Activities Described For Memory-Impaired Loved Ones
People interested in learning how best to socially engage their memory-impaired loved ones attended an informational session on the topic held January 18 at Church Hill Village, a new assisted living complex at 2 The Boulevard. Tracy Brady, a certified dementia practitioner with Visiting Angels, presented the subject.
Ms Brady is the executive director of business development and community relations for Visiting Angels in Fairfield, Litchfield, and New Haven counties. Visiting Angels is a private non-medical firm which provides living assistance services.
The session was the first of a number of public talks on assisted living, known as the 2020 Caregiver Support and Education Series scheduled in the coming months at Church Hill Village.
Those attending the event listened attentively as Ms Brady described a range of activities suitable for people with memory impairment. Visiting Angels offers an “active and engaged program” for people with memory loss.
The 67,000-square-foot Church Hill Village complex, which has 71 resident beds overall, includes facilities for 49 assisted living residents, and 22 memory care residents. Memory care is intended for people with memory loss, cognitive impairment, dementia, or Alzheimer’s disease.
Workers at the memory care unit will provide services to people who require around-the-clock attentive care in a physically secure environment.
Active And Engaged
Ms Brady’s talk focused on how families can keep their loved ones with memory deficits active and engaged in their homes through various activities. Providing such activities is considered a positive alternative to having people with memory loss watch television for extended periods, she said.
One activity known as “tour guide” involves themed events which spotlight a region of the world, with the activities keyed to the foods and culture of that place, she said.
Also, activity kits can be provided to those with memory impairments, based on those people’s particular interests, she said.
“We find out what our clients’ needs are, and we customize the activities for them,” Ms Brady said.
“I do food demonstrations at local senior centers,” she said.
Arts and crafts provide a range of activities for the memory-impaired. Assembling bird feeders can be rewarding, considering the work involved in assembly and then watching from a distance as wild birds feed.
Cake decoration makes for good fun for the memory-impaired, Ms Brady said. The pleasant aromas of baked goods can positively rekindle positive olfactory experiences among the memory-impaired.
Also, keeping a journal, either alone, or with the aid of another, can be a rewarding experience, she said. Journaling has the added benefit of producing a keepsake, she said.
Ms Brady explained that people interacting with a memory-impaired person also can use, “Caring Cards,” which are cards with questions printed on them designed to be conversation starters or “icebreakers.” These cards are the invention of Southbury resident Kathie Nitz, a self-proclaimed “life strategist” and speaker.
The cards list questions such as, “What did you enjoy most about raising children?” “What food or drink was a special treat when you were a child?” and “Who were your favorite or most interesting neighbors when you were growing up?”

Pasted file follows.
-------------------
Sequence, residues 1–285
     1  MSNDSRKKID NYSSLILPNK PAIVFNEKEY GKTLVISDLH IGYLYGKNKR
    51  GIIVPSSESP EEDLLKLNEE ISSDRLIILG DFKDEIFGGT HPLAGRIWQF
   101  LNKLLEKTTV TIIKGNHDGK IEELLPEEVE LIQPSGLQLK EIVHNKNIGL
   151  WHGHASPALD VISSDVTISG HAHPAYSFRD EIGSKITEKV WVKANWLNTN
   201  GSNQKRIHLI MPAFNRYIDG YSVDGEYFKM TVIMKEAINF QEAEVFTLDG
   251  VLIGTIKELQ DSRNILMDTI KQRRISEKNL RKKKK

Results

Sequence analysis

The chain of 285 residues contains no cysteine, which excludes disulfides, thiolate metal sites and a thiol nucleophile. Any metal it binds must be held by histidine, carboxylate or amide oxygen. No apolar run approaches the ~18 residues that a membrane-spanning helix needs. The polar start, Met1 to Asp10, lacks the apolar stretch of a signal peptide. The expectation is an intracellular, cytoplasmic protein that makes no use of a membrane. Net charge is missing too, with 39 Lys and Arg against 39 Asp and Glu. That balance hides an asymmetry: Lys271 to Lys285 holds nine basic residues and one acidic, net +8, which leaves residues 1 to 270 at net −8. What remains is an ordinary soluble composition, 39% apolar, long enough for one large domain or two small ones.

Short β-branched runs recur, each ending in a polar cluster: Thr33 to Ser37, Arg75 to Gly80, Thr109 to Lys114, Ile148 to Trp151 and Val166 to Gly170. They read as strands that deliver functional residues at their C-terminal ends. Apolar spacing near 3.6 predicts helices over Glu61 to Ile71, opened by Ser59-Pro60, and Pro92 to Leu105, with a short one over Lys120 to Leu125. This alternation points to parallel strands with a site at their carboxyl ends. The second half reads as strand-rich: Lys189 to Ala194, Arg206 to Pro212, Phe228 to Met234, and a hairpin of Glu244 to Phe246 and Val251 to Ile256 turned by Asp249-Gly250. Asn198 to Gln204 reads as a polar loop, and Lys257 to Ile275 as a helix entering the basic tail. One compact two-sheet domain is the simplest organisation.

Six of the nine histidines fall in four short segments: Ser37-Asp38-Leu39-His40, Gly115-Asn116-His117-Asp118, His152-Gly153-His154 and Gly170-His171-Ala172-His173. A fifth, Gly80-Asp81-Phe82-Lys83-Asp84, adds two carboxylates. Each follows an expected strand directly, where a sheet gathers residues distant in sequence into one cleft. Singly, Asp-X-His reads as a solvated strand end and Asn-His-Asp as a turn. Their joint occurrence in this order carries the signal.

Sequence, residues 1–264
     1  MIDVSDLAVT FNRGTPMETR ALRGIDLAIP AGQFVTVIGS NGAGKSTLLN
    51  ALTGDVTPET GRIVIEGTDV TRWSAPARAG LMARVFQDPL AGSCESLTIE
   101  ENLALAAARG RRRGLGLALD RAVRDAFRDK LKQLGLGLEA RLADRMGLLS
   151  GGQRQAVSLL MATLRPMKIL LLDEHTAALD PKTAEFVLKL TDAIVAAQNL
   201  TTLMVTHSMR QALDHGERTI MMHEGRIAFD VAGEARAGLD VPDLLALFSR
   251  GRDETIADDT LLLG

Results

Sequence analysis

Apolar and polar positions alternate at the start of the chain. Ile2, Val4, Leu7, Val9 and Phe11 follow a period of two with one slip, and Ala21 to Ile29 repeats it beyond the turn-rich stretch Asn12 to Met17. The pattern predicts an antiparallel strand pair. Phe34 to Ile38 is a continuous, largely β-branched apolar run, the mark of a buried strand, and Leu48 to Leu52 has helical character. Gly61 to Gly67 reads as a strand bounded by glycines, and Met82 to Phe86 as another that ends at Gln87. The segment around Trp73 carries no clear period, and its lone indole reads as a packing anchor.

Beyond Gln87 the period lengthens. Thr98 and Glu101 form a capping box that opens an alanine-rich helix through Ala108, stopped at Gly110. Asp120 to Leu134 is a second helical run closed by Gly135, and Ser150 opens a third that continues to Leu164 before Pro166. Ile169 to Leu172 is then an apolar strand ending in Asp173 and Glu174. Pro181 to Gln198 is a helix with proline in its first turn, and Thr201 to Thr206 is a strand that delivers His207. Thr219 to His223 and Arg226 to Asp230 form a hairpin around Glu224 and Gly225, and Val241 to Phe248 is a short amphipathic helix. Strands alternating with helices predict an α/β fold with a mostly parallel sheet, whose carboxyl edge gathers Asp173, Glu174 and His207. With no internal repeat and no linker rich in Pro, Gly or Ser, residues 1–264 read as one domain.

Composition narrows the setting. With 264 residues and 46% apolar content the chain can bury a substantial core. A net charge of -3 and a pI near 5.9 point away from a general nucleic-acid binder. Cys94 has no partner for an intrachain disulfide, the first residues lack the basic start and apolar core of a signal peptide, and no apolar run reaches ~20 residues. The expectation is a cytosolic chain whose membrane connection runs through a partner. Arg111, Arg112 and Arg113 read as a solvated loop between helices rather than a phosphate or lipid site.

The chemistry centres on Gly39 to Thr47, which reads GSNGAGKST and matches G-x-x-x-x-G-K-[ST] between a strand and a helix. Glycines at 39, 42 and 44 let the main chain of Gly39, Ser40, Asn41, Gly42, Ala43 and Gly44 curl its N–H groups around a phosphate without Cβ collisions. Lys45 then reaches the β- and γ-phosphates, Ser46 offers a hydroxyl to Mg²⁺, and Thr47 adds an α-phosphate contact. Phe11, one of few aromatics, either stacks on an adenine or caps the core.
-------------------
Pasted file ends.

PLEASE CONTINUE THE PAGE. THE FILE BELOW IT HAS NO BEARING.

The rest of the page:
One woman in the audience asked how best to deal with the stubbornness that sometimes becomes a trait of those who are aging, such as her mother.
Ms Brady responded that she understands that problem, noting that her elderly grandmother is reluctant to attend a local senior citizen center.
“My grandmother is 98... She won’t go to the senior center because they are old there,” Ms Brady quipped.
Ms Brady suggested getting memory-impaired people involved in gardening as a means to spark social interaction. Gardening can be simplified through the use of raised growing beds or the use of planters within residences, she said.
“We typically do herbal gardens,” she said.
Other activities that can stimulate a memory-impaired person’s interaction with loved ones include massage, manicures, pedicures, and aromatherapy involving the use of fragrant oils, she said.
Leafing through albums of photographs can be a positive stimulus for the memory-impaired, prompting favorable responses, Ms Brady said.
Sometimes something as simple as sharing a meal makes for a good experience that brings a family into closer contact with an aging love one who has memory loss.
The activities keyed to improving interaction are designed to reduce feelings of depression and anxiety, which extend from a sense of loneliness experienced by those with memory loss.
Ms Brady offered a list of activities for homebound people who have memory impairment that included listening to music, dancing together, exercising with a ball, reading books, baking cookies, folding laundry, discussing great inventions, arranging flowers, and looking at a globe or map and identifying states and countries, among others.
Of the value of activities to engage the memory-impaired, Ms Brady said, “It’s really just ‘being in touch’ with them... It’s just so imperative that we keep our loved ones engaged,” she added.
Learn more about Church Hill Village and its public programs and talks by visiting https://www.seniorlifestyle.com/property/connecticut/church-hill-village/.